LUCY WORSLEY MYTHS AND ROYAL SECRETS: The Romanovs and the Russian Revolution

Contrary to the oft-told story of the Russian Revolution – that Lenin and the Bolsheviks swept the Czar from power in October 1917 and communism was born – Lucy Worsley reveals that a group of working women actually started the revolution in February. 1917.

The Tsar, forced to abdicate long before the Bolsheviks took control, was betrayed by his cousin, King George V, who opposed the British government’s offer of asylum. The offer, Lucy reveals, would have saved the lives of the Tsar and his family, a deadly secret that has been kept for decades.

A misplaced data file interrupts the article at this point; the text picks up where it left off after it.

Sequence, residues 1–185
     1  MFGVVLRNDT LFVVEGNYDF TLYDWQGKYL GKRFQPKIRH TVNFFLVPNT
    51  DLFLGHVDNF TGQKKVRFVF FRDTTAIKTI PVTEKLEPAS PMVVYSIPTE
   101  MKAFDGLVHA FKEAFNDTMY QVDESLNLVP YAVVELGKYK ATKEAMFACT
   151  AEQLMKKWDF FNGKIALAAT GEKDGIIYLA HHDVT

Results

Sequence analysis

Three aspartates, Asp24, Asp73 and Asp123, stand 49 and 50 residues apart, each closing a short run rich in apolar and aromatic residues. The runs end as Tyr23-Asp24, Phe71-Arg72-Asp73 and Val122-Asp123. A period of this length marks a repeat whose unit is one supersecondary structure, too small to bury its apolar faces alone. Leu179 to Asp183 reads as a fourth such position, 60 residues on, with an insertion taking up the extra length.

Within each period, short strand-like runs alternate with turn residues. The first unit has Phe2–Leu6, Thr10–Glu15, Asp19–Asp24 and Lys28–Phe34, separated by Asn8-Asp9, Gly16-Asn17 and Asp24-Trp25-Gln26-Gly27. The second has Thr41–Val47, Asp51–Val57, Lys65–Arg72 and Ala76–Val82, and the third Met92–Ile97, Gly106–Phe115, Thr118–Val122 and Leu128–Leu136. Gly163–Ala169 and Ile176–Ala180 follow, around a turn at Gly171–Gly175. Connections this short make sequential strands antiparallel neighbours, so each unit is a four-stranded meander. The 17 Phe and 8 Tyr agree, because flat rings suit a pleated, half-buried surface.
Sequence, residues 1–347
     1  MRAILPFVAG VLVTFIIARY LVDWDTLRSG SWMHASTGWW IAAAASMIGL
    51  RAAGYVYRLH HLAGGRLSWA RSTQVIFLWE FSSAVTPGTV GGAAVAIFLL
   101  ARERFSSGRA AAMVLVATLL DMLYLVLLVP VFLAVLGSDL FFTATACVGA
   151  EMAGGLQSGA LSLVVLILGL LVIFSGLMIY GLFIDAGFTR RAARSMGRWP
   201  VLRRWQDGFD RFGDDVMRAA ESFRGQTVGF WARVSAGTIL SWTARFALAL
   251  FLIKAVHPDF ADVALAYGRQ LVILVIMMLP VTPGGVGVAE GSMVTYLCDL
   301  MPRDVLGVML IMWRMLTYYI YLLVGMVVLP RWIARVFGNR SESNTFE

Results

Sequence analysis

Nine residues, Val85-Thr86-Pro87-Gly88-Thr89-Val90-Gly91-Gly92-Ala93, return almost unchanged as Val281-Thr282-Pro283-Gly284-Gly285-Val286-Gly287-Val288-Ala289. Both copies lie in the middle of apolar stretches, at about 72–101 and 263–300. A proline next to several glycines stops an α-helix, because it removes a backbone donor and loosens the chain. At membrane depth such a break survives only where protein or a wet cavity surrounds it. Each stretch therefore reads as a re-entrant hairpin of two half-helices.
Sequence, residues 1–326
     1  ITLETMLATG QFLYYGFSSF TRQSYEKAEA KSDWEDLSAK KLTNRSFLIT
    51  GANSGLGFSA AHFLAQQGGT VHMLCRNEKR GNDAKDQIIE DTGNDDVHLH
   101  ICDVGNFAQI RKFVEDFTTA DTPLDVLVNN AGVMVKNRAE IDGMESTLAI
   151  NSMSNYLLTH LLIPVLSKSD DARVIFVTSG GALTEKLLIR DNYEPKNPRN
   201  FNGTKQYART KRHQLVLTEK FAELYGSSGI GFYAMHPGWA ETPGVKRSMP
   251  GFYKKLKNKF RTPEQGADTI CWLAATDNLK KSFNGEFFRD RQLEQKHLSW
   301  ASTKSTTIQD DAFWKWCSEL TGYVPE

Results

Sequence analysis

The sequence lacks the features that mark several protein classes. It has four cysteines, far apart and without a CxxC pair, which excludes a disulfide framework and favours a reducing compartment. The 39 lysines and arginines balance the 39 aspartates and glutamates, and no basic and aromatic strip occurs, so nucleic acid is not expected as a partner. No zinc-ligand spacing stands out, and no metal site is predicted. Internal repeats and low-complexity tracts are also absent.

She explores how the Bolsheviks used films and books to glorify the October Revolution, while downplaying the February Revolution as irrelevant and bourgeois. Upon Lenin’s death in 1924, Stalin falsified his way to the top, reinforcing his claim to be Lenin’s chosen successor by having his image inserted in photographs.

But royal history is always rewritten to suit those who tell it. Over the past 30 years, the Romanov family has made a remarkable comeback. As Vladimir Putin shapes his own narrative, the Tsar and his family are now revered as martyrs, and the Russian Revolution and Lenin are marginalized.

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Lucy Worsley in Tsarina costume inside Chiswick House.

Produced by the BBC.